Circular economy, recycling, sustainable waste management: phrases we hear more often lately, but many times fail to fully understand.
Why do they play such an important role in our daily lives, the environment, and the economy and what should be Greece’s next steps?
At GEPA LIFT, a company with decades of experience in the field of waste collection and management in Greece and abroad, we have gathered all the necessary information as well as answers to frequently asked questions for you to fully grasp the issue.
Waste management in Greece and the European Union – what is the current situation?
Integrated waste management is a not only a goal but one of the biggest “bets” of the European Union.
In our country, the challenge is even greater: when it comes to recycling, Greece is at the very bottom of the list, as it insists on using landfills for disposing more than 80% of its waste.
At the same time in the EU, only 22.6% of waste ends up in a landfill!
The problem is not only financial, but it also threatens public health and the environment.
From time to time, the Court of Justice of the European Union fines our country since it continues to operate landfills, even though it has received European funds to terminate their operation and replace them with new methods of waste management.
The European Union is asking Greece to change the way it manages waste – a change that starts at the level of product design and extends to improving recycling systems and the performance of waste management units.
What is the circular economy and why is it so important?
Circular economy is the EU’s way to deal with the problem of sustainable waste management even more effectively.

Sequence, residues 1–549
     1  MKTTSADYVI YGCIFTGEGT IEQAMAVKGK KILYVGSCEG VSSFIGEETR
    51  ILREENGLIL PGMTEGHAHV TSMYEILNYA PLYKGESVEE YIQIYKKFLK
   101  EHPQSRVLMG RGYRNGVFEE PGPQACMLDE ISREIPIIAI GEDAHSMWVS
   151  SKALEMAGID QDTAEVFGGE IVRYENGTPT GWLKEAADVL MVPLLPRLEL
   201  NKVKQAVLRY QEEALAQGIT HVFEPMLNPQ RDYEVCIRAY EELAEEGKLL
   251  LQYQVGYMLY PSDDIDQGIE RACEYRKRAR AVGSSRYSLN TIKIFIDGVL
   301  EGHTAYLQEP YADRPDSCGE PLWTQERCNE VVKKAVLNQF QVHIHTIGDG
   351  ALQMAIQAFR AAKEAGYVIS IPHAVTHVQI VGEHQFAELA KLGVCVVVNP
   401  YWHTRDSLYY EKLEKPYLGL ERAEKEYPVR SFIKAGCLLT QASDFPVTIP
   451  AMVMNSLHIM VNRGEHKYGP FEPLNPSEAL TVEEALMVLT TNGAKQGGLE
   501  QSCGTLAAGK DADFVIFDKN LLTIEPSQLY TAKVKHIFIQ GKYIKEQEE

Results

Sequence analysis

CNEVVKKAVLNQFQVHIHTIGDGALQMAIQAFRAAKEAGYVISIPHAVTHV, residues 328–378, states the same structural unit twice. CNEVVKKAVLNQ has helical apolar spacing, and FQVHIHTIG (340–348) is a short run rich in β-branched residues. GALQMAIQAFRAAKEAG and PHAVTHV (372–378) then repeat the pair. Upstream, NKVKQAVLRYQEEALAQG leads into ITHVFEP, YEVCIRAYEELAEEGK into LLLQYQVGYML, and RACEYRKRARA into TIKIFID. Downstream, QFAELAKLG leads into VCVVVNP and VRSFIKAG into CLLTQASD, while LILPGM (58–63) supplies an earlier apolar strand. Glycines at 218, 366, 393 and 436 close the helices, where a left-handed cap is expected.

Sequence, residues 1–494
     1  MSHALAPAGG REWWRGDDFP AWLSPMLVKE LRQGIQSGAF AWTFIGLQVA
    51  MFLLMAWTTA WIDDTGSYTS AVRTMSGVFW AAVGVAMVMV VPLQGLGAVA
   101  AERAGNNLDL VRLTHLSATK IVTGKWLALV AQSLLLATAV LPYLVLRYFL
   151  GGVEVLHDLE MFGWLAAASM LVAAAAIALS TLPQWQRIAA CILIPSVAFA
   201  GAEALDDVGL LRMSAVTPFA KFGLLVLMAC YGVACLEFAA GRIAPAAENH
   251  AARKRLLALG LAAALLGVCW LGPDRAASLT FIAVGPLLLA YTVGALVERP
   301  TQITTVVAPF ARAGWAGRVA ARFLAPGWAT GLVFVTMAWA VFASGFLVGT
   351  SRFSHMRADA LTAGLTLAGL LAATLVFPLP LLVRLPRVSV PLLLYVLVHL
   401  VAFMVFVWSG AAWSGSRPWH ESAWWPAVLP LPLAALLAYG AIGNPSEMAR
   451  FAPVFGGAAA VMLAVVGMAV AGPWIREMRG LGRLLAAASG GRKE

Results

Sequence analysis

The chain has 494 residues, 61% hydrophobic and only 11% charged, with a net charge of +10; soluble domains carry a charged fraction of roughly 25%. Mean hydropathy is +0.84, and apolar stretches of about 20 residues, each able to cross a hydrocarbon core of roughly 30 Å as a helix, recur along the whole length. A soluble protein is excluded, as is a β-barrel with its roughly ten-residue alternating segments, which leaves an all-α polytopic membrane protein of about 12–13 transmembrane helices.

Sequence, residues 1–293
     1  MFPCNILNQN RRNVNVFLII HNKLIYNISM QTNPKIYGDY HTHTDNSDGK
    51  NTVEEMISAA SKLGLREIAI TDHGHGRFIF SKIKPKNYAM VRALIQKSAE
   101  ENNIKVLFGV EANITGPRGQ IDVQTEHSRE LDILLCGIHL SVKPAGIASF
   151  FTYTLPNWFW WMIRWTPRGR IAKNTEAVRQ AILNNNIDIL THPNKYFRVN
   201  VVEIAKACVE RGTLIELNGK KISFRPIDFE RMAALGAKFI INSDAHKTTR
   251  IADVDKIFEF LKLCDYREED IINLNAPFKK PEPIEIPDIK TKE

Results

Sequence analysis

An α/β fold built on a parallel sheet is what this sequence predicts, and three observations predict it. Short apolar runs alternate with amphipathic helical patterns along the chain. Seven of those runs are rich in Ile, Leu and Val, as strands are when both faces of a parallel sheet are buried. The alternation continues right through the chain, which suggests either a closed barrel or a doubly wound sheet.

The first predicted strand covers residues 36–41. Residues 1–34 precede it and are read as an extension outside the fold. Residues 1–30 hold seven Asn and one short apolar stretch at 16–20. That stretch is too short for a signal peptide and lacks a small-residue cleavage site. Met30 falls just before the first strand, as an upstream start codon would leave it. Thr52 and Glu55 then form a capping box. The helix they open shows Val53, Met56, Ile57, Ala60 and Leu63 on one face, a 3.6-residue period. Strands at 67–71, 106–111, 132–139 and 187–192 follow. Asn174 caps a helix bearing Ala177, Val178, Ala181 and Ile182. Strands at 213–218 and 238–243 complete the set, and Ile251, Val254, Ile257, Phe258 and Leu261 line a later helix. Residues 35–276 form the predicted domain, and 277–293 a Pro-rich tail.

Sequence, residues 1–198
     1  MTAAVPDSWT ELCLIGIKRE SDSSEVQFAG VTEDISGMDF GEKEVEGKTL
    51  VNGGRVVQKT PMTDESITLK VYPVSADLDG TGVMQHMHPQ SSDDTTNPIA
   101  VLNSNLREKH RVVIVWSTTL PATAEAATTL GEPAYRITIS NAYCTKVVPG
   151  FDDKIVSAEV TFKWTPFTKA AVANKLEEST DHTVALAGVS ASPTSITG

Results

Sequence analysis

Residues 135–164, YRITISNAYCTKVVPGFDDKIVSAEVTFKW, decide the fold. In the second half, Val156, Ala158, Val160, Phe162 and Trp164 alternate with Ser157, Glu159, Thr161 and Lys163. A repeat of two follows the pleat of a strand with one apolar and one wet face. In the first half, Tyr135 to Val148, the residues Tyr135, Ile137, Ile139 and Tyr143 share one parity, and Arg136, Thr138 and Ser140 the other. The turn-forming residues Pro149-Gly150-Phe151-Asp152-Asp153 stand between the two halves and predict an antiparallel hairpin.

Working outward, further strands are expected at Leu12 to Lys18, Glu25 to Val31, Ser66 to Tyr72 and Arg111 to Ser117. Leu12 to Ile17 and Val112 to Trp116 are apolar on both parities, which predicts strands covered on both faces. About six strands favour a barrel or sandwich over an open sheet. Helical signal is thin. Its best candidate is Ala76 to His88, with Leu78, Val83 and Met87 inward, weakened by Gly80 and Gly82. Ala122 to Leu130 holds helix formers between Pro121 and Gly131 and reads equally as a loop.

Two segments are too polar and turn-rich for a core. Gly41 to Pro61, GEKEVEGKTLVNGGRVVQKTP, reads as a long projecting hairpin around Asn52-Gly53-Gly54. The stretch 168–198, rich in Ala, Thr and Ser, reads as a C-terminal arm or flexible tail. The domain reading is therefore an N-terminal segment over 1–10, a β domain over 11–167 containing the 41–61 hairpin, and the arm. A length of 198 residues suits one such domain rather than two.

Circular economy refers to a “green growth model” which is an essential element of the new European and global economic model.
These are its main features:
- Its main objective is the minimization of waste at all stages of production (for products and services), but also after their designed life cycle.
- It is a model that seeks and encourages the use of secondary materials and waste as productive resources and useful materials, giving the dimension of sustainability.
At the same time, our country begins to gradually comply through a new directive that is being discussed.
What are the key points of Greece’s new bill for waste management?
In the context of our country’s compliance with EU requirements and the importance of circular economy in the lives of citizens, Greece has started discussing a new bill.
Some of its key elements:
- Separate sorting of paper, glass, plastic, metal, and bio-waste is promoted.
- Environmental awareness is cultivated in schools for separating glass, plastic, paper, metal, batteries, and food waste.
- Separate collection of textile and hazardous household waste is established by 2024.
- Mandatory collection is established for new waste streams such as agricultural plastics, mattresses, furniture, toys, medicine.
- Mandatory utilization of livestock waste in biogas or composting units is promoted – wherever available.
- Municipalities are given the opportunity to implement “Pay as I Throw”, with lower municipal fees for those who produce less waste or recycle more.
How can municipalities effectively contribute to sustainable waste management?
Waste collection through underground bins is the first and most important step in the right direction.
GEPA LIFT‘s submersible waste compression bins reduce the volume of waste up to 8 times and the collection frequency up to 80%, with all that this entails, such as a reduction in collection costs due to a reduction in waste truck routes up to 90%, an increase in bin capacity, strengthening of recycling, etc.
At the moment there are no conditions for the installation of submersible systems with compression: they can be placed in squares and other public places, in schools, hospitals, hotels and many other businesses.
For any questions you may have about GEPA LIFT’s underground waste bins, contact us and we would be happy to assist you!